Handsworth Songs (1986, 58 min)
Who Needs a Heart (1991, 78 min)
In connection with British sound artist Trevor Mathison’s presence at Ultima, Cinemateket is showing two examples of his film soundtracks and sound design. Both were produced by the Black Audio Film Collective, which emerged in 1982 as a response to the unrest in the UK during this period and the ensuing debate around post-colonialism and black identity/culture. The Black Audio Film Collective consisted of seven filmmakers and multimedia artists who produced an extraordinary collection of political, poetic and intensely personal films over a period of 16 years.
The starting point for Handsworth Songs (1986) was a series of riots in Birmingham and London that ended in two deaths. The film attempts to rethink diversity and the status of people of colour in British society – rejecting the idea of a homogeneous community's shared aspirations and expressions.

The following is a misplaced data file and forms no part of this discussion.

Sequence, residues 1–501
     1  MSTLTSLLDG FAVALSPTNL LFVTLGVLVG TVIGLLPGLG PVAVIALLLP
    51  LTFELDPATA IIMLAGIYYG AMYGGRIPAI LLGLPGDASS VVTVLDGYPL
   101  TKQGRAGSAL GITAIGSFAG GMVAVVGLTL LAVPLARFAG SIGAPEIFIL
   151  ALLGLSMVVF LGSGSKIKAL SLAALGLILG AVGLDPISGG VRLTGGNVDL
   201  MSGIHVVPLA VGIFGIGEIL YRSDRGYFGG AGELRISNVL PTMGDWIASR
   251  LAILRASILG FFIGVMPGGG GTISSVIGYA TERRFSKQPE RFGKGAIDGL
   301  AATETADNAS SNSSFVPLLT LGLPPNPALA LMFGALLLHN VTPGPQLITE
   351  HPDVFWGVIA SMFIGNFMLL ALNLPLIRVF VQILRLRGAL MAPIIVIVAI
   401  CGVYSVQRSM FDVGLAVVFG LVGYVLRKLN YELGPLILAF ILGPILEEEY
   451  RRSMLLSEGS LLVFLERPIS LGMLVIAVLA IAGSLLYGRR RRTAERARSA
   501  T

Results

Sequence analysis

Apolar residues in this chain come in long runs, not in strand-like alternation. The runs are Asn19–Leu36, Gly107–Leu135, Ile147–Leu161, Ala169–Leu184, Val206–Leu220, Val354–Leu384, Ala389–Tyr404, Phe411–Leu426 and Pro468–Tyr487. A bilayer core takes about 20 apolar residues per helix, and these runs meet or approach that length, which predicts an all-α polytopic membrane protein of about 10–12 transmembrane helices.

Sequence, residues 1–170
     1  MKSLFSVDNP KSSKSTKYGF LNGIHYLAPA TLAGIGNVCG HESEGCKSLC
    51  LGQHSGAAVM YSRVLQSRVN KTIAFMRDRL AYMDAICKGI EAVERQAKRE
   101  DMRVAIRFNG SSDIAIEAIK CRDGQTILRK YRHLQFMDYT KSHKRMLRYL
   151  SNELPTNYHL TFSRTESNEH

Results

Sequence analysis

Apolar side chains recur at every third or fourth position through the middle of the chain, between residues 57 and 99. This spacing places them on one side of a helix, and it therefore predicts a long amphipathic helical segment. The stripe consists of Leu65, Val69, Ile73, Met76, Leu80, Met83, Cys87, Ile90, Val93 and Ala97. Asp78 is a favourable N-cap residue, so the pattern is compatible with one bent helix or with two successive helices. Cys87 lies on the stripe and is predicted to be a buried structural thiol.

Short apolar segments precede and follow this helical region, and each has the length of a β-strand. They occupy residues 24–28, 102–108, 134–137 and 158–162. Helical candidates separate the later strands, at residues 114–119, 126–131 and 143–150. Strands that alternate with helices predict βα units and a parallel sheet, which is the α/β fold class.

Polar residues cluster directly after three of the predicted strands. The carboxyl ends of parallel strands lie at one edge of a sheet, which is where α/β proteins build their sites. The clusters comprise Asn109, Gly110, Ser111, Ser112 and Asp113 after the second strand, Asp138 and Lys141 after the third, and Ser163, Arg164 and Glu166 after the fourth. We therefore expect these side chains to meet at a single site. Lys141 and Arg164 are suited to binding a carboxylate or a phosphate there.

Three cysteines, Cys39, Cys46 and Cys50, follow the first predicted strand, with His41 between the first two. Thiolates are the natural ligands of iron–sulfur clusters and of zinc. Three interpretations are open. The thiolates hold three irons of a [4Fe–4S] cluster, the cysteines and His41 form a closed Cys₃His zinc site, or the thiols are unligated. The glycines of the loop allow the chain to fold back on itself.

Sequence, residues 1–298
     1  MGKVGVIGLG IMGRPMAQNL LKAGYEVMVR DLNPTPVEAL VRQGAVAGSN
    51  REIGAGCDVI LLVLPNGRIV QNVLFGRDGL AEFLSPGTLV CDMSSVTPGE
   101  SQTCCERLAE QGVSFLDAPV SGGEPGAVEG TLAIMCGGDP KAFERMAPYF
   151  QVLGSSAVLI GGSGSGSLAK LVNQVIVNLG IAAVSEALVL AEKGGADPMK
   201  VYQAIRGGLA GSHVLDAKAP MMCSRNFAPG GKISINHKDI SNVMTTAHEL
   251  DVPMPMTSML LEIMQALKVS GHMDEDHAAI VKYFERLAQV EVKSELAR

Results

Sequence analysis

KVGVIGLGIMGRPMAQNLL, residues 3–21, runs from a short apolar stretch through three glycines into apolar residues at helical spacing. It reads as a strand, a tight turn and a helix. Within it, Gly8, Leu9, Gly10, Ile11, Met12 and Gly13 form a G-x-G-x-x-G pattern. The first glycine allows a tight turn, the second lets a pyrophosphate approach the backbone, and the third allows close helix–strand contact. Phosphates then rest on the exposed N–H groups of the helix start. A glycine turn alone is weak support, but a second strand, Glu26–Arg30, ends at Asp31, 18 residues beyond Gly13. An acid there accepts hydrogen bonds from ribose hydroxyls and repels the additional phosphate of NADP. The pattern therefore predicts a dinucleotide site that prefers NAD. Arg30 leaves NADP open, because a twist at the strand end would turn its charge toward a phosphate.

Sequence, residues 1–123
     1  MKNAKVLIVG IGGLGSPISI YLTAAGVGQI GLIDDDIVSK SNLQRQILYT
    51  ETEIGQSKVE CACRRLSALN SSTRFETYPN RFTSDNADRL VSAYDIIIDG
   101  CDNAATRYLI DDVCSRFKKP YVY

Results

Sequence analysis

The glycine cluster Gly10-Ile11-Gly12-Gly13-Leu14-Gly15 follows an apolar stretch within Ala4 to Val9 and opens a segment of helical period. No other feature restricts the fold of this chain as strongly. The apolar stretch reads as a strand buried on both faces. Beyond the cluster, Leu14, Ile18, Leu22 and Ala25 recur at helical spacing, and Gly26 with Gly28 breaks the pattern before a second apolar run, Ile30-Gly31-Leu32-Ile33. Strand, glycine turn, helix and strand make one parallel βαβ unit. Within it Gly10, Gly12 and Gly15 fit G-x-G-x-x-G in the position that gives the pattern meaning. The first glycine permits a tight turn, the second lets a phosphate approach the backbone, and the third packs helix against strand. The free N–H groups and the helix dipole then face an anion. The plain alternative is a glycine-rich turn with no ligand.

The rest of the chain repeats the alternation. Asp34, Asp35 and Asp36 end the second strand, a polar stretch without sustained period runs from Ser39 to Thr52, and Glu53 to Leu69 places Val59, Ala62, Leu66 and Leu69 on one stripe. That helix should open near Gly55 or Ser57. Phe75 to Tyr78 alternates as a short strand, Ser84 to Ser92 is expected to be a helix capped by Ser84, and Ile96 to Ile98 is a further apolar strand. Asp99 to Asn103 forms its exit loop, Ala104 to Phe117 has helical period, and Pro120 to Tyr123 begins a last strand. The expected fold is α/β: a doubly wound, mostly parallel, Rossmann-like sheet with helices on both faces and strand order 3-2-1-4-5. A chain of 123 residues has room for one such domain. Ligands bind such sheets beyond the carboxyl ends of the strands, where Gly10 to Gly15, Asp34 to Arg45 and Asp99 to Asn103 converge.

Who Needs A Heart (1991) is a story of political awareness and subjective transformation, and remains Black Audio Film Collective's most controversial film. A sophisticated retelling of life on the outskirts of London between 1965–75, the film explores the forgotten history of the British Black Power movement.
Trevor Mathison's captivating and innovative soundscape weaves the music of Eric Dolphy, Ornette Coleman, The Art Ensemble of Chicago, Albert Ayler, Anthony Braxton, John Coltrane and ritual music from Tibet into the tapestry of the sound and dialogue.
See Trevor Mathison’s installation at Atelier Nord: From Signal to Decay Vol.6 15 - 23 September and hear Mathison live at MUNCH with Circuit des Yeux 22 September.